By nature and background, Abraham Lincoln was an eminently sober figure, having published as an adolescent his maiden newspaper article on the evils of alcohol. Whatever his worries about Grant's drinking, he could not afford to sacrifice this uniquely successful general. He showed wisdom and fortitude in facing down naysayers who brayed for Grant's dismissal, perhaps sensing their malice. "I think Grant has hardly a friend left, except myself," he said. Nevertheless, "what I want . . . is generals who will fight battles and win victories. Grant has done this, and I propose to stand by him." . . .
While both Grant and Sherman proved overly optimistic about the potential contrition of southern citizens, the North experienced a vicious backlash against emancipation during New York City draft riots in mid-July. In March, Congress had enacted legislation that allowed men to escape the draft by hiring substitutes or paying $300 bounties to the government. Those eligible for the draft in New York's poor Irish Democratic neighborhoods vented their class anger against Republicans rich enough to evade the war and racial prejudice against free blacks who threatened them with economic competition. The ugliest aspect of the riots, which took more than one hundred lives over four days, involved the outright murder of blacks on New York streets and the horrendous burning of the Colored Orphan Asylum. Lincoln refused to rescind the draft and brought troops fresh from victory at Gettysburg to restore order. . . .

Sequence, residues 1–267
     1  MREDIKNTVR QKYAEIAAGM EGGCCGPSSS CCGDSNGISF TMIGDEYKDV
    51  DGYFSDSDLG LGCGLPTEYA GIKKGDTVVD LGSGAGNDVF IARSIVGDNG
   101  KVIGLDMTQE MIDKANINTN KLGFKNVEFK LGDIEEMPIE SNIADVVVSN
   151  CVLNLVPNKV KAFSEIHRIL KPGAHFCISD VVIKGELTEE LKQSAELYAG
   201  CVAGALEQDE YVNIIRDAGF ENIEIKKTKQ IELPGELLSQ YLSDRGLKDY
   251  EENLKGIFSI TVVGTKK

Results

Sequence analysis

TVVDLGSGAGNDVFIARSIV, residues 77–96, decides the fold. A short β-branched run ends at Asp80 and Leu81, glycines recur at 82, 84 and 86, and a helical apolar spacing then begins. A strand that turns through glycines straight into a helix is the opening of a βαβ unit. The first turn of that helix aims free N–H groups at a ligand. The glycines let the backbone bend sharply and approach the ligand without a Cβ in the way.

Grant's clear sense of purpose enabled him to enlist the energies of a giant army to a common task. "For good sense, strong judgment and nerve, he cannot be surpassed," Wilson wrote. "He is a tower of strength."
-Ron Chernow, Grant
Friday, March 15, 2019
"Lines prompting reading, dreaming minds not to see every thing by itself and separate, but to see the seams often unseen in the dark expanses across space and time. . . . A power not to wield, but to hold. To practice holding.”
-Ellie Rogers, via David Kanigan's wondrous blog
Thursday, March 14, 2019